Mental Wellbeing: Act Now or Regret Later

#BreakTheStigma this Mental Health Awareness Month
Sarah Curtis, OD Solutions Specialist, C2C Organizational Development

May 17, 2023

It’s Mental Health Awareness month, but be it any month of the year, the need to come together as a society to help one another look at mental health from a place of constructive action and not discrimination or fear cannot be underscored more. #BreakTheStigma 


“What mental health needs is more sunlight, more candour, and more unashamed conversation.” -Glenn Close, actor 

Have you ever had a thought, feeling or a fear which constantly haunts you? You can’t stop thinking about it and it plays in a loop in your head endlessly. It drives you crazy and it starts consuming you. You think about it all the time, unable to focus, unable to work, unable to connect with others. You don’t want to open up as you don’t think people will understand, or worse you are embarrassed of what they might say when they find out: “Drama Queen”, “trying to get attention”, “don’t be a weakling”, toughen up and face it”, “don’t act crazy”.  “Life’s hard, deal with it”, “you are not the only one with problems”. 

Sounds familiar? Well, the reality is a lot of us – perhaps much more than we would expect – may be experiencing this. Only in recent times has the importance of mental health become an area of focus. Sadly, there has always been a stigma – both social and personal attached around mental health. Stigma around fear of what people would think and say, the fear of discrimination and devaluation that one could face, or even one’s own internalized thought about negative stereotypes, which could affect self-esteem and confidence in turn leading to a reluctance to seek support.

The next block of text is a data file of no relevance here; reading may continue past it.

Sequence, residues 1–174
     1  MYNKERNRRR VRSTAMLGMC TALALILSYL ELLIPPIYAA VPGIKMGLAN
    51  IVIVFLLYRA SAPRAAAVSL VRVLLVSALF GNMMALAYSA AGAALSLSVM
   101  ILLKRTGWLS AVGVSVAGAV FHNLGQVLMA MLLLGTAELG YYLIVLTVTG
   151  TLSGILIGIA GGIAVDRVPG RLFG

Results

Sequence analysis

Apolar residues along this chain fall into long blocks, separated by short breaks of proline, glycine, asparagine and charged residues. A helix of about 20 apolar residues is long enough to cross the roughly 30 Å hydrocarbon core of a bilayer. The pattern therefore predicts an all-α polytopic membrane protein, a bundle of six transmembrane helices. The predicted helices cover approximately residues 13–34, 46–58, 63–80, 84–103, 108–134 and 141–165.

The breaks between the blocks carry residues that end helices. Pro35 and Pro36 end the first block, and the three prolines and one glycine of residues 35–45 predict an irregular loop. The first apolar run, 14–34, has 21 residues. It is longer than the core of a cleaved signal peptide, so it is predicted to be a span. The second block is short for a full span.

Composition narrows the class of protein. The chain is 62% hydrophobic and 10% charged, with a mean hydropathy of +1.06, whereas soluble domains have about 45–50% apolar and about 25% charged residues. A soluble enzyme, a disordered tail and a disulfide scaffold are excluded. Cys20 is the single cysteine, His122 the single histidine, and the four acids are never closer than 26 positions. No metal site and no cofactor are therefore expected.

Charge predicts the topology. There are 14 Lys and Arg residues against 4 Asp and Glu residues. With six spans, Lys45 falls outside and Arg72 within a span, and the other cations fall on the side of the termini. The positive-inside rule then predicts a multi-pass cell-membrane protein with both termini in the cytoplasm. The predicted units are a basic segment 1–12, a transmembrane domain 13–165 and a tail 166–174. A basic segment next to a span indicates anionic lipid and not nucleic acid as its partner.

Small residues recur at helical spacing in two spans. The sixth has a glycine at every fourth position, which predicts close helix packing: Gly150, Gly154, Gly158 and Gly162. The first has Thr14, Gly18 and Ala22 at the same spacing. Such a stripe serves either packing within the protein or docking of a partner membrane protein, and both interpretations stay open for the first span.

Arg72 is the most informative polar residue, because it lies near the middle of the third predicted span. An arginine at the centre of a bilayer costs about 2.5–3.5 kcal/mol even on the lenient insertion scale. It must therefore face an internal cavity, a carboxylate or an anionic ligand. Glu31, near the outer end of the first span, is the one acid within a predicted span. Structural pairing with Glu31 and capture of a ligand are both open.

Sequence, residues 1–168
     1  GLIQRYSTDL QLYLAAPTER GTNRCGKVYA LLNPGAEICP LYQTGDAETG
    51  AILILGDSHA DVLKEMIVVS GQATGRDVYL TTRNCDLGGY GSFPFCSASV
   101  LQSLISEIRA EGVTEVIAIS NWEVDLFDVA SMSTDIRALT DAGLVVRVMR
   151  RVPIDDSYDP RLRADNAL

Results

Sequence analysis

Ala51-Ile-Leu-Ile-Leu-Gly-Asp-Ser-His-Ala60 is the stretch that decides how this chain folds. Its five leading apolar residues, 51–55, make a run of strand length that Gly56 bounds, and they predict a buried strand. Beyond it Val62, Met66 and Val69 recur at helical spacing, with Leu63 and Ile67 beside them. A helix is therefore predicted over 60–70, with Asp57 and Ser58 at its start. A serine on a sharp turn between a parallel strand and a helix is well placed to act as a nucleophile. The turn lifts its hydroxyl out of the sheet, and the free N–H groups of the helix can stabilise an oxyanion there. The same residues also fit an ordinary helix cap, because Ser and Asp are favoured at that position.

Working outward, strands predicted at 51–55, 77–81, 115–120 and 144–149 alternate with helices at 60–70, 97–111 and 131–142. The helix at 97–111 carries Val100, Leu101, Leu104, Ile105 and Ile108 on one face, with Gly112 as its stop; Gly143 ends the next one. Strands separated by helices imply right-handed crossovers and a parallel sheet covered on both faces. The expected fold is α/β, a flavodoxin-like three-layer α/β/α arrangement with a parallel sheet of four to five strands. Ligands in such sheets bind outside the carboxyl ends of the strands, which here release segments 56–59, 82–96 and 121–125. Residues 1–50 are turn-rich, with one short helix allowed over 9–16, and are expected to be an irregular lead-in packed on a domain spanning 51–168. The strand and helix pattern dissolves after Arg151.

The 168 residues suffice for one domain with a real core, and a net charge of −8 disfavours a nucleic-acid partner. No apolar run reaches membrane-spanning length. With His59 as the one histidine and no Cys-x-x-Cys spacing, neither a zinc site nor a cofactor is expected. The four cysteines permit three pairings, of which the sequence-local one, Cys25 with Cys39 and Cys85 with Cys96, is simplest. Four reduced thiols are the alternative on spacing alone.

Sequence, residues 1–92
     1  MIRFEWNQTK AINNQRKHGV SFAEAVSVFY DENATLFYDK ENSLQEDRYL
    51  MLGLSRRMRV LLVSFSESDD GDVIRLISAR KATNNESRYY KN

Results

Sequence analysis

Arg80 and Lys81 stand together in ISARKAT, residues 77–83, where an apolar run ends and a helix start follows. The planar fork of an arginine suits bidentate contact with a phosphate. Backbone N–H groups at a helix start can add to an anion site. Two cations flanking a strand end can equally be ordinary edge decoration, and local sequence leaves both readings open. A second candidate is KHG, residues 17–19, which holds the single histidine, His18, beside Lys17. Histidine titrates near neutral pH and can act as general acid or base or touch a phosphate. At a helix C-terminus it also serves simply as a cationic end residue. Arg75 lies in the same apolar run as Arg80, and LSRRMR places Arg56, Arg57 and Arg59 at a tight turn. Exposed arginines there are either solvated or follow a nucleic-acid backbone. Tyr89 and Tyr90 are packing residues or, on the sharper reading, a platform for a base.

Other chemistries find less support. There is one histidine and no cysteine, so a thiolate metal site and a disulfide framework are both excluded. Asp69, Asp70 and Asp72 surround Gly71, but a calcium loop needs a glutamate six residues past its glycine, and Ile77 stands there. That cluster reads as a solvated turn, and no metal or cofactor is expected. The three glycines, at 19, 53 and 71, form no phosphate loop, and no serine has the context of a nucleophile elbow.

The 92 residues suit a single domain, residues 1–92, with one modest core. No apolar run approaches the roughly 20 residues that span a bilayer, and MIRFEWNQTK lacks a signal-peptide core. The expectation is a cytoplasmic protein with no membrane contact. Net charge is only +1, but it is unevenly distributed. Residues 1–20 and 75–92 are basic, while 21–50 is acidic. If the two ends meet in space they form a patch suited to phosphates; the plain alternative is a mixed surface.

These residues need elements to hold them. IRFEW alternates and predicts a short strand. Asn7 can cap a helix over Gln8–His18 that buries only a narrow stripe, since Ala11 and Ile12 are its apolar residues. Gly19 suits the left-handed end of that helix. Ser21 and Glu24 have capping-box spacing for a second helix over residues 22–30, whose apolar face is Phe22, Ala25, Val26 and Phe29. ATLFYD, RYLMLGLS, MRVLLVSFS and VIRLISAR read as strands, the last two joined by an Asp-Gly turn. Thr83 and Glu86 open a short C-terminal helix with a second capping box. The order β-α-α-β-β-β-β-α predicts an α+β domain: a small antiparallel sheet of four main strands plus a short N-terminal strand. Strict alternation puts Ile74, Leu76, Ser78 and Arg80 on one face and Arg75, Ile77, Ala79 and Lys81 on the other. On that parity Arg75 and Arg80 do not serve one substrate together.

India has been called "one of the most depressed countries" by WHO. The fact that 6.5% of Indians have a significant mental illness demonstrates how widespread it is.  

Mental health issues don’t come with a big, huge neon sign, but rather, they have a tendency to creep in, rarely showing any physical, visible symptoms. It could begin with signs as simple as irritability, mood swings, or social isolation. 

So many among us are completely clueless and unaware of what mental health issue means, while some of us prefer to remain in a state of denial, thinking: “It’s not a big deal” or "this is just a passing phase". 

We tend to turn a blind eye to all the signs (many not knowing it’s a sign) that we see in ourselves and people around us, blaming situations, people, destiny or just the environment around us, but hold back from doing anything to address it until it’s too late and things have spiraled out of control and life is a mess. 

Wouldn’t it be so much easier to handle and manage this more effectively if we are aware of what signs to look out for? 

Well, here are some signs we can look out for and ascertain whether we need to seek help and support:

  • Increased anxiety or depression and panic attacks
  • Tendency to avoid people and isolate yourself all the time
  • Tendency to lose your cool more than normal 
  • Getting into fights and arguing frequently
  • Big reactions to small incidents or situations where you find yourself reacting in big ways to situations that previously wouldn’t bother you  
  • Getting more emotional (than usual) in your responses or having trouble managing your emotions and finding it difficult to remain calm